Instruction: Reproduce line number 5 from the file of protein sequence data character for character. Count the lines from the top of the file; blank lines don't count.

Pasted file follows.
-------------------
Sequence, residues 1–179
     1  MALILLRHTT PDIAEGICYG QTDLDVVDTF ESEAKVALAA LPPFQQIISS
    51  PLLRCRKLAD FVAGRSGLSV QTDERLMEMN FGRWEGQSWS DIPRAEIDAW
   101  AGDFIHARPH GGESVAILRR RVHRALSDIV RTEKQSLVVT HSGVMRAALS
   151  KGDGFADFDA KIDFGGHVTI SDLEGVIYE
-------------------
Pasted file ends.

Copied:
   151  KGDGFADFDA KIDFGGHVTI SDLEGVIYE